Yesterday NOAA released the U.S. climate division monitoring data for March, and the results for Alaska show a bit of a puzzle. I was expecting to see significantly below-normal March temperatures for most of the state and a significant warm anomaly for the North Slope district. However, it turns out that the climate division data show the North Slope division with a -3.0°F anomaly relative to the 1981-2010 normal, and -1.3°F relative to the 1925-2000 normal (as shown in the map below - click to enlarge; note that the normal is 1925-2000, not 1901-2000 as stated in the legend).
In contrast, the graphic below (courtesy of Rick Thoman) shows that Barrow, Deadhorse, and Umiat all saw temperatures in the upper two-thirds of the 1981-2010 distribution; the month of March was significantly warmer than normal at these sites and almost certainly at many other locations north of the Brooks Range.
Here's a time series of the March mean temperature in the North Slope district according to the climate division data:
Oddly the March 2017 temperature is well below the March 2016 temperature, even though Barrow and Umiat were warmer this year than last year in March. Looking back over the past 5 months (November-March), the same discrepancy is observed: the climate division data indicate that this winter was colder than 2015-2016, but in fact this winter was the warmest on record at Barrow and appears to have been warmer than last winter at Umiat too (although there is a fair amount of missing data).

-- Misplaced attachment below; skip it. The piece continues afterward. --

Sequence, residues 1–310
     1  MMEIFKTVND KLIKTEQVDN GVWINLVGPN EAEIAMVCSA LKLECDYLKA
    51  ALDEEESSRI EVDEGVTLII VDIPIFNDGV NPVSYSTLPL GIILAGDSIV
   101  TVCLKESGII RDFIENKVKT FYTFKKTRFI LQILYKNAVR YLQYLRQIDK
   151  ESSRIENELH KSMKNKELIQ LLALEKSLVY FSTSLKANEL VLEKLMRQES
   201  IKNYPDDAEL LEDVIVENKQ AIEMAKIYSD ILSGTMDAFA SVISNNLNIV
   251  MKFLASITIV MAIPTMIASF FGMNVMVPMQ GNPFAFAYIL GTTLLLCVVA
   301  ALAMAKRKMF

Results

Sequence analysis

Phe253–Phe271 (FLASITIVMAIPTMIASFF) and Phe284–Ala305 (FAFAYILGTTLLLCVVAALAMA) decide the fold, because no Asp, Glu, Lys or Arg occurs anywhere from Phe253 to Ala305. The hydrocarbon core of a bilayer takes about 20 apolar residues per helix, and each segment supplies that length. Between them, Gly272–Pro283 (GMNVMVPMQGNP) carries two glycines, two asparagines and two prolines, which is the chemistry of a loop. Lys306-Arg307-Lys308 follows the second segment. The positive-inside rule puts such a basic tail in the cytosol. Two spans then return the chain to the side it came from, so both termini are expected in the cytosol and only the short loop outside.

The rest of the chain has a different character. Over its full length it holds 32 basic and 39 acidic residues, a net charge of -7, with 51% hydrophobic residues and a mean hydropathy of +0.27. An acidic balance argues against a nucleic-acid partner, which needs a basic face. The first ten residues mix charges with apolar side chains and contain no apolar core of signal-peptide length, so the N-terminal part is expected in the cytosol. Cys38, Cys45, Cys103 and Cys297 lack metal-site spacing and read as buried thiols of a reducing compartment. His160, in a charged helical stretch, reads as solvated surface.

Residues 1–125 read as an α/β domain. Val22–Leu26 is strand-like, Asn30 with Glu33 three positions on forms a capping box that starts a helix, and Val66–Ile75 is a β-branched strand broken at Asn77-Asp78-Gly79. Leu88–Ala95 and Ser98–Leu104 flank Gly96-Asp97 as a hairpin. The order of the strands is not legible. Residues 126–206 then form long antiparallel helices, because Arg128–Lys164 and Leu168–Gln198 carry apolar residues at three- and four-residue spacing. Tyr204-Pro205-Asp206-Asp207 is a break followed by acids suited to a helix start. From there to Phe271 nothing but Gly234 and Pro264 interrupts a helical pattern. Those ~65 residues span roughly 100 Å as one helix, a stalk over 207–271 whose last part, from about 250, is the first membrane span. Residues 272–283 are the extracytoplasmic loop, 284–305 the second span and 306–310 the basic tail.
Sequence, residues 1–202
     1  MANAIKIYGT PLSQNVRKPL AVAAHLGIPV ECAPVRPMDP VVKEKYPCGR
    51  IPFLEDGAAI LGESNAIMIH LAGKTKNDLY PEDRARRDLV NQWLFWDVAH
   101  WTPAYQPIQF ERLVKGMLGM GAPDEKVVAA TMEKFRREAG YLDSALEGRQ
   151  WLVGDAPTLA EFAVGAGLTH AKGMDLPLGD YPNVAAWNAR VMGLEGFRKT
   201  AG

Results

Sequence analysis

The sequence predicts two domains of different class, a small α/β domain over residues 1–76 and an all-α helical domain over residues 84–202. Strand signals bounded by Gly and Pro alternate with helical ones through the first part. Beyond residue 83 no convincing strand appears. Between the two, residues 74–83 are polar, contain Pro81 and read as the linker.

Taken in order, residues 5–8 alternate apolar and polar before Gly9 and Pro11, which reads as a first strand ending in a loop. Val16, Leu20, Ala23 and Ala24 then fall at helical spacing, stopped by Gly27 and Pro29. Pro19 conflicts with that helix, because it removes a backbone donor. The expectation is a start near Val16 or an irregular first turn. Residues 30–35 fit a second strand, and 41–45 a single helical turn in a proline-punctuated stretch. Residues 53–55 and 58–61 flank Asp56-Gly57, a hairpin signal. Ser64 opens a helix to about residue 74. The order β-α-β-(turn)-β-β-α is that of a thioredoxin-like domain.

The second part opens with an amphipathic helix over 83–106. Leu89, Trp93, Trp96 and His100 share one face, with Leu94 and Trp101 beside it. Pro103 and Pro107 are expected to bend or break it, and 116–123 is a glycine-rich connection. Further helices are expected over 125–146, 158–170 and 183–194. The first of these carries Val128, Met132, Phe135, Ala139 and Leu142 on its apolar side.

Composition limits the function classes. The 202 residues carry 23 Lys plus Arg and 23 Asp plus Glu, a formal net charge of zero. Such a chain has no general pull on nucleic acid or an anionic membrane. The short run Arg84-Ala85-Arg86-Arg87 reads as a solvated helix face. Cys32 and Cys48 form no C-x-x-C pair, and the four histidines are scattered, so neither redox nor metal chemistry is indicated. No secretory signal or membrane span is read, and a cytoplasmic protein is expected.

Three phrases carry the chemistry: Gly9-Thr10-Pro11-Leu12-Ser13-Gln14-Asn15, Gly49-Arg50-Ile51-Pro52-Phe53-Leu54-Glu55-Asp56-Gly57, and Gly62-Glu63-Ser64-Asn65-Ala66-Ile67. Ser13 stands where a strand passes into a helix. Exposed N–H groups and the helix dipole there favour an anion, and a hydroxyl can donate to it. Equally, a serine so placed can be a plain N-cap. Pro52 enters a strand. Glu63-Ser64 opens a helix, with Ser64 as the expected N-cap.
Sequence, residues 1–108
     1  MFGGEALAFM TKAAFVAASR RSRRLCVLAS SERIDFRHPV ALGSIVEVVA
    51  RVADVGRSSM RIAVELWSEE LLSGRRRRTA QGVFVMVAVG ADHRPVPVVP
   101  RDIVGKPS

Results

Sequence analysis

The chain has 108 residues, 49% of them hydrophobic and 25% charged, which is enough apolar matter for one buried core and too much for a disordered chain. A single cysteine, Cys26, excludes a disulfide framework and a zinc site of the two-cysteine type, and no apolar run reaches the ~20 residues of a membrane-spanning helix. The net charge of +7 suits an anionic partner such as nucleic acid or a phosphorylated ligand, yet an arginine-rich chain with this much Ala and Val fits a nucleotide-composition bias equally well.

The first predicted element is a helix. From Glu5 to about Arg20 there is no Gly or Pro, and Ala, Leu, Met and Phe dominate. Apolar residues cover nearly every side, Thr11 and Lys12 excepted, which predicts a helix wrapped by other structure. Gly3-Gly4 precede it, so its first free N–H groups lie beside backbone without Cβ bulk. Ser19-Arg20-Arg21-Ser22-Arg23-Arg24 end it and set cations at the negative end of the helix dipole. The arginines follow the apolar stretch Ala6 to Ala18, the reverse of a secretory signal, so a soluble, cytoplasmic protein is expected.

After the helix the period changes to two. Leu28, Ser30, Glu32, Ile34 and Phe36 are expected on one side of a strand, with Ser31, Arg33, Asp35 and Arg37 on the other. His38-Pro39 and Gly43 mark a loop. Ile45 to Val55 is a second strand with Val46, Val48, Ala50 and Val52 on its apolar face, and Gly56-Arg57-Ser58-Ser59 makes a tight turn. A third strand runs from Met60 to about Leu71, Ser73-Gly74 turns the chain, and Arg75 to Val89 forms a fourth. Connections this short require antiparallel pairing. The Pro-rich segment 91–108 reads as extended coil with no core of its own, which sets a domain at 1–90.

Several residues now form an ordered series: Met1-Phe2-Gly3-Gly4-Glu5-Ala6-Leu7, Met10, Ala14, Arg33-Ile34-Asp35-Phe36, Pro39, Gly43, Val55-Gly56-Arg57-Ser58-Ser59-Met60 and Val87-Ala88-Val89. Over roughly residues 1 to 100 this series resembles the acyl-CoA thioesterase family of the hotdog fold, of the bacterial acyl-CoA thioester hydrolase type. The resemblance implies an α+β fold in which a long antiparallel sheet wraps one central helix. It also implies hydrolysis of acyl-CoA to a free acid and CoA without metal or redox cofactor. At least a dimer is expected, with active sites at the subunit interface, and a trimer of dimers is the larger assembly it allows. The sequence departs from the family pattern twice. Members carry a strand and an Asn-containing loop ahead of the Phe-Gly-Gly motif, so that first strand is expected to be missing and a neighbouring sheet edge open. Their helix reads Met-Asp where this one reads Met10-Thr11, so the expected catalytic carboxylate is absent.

The two charts below show a closer comparison between the two winters for Barrow, Deadhorse, and Umiat. The January through March mean temperature was slightly cooler this year, but November and December were much warmer this winter than last winter. Notice the +54°F daily temperature anomaly at Umiat on January 2 of this year: with a high temperature of 38°F and a low of 29°F, this is the largest departure from normal of any day in Umiat's history. The 1981-2010 normal for Umiat on January 2 is -20°F, the lowest of any station in Alaska for that date.
What can we conclude from all of this? First, it's plain to see that climate monitoring is a challenge in the data sparse regions of northern Alaska; different analysis methods can give very different answers even for something as "simple" as year-to-year temperature changes. It's possible that NOAA's methodology for the climate division calculations allowed this winter's North Slope result to be influenced by colder temperatures south of the Brooks Range and outside the boundary of the district; this would be unfortunate, but these kinds of issues are not uncommon in the world of near-realtime climate monitoring.
An interesting question to consider is, was this the warmest winter on record for the North Slope as a whole? According to the climate division data it wasn't even close, but my cursory analysis of the numbers from Barrow, Deadhorse and Umiat suggest it may well have been so. A more thorough investigation, including a careful accounting for missing data, and additional observing sites, would be required to say anything with greater confidence.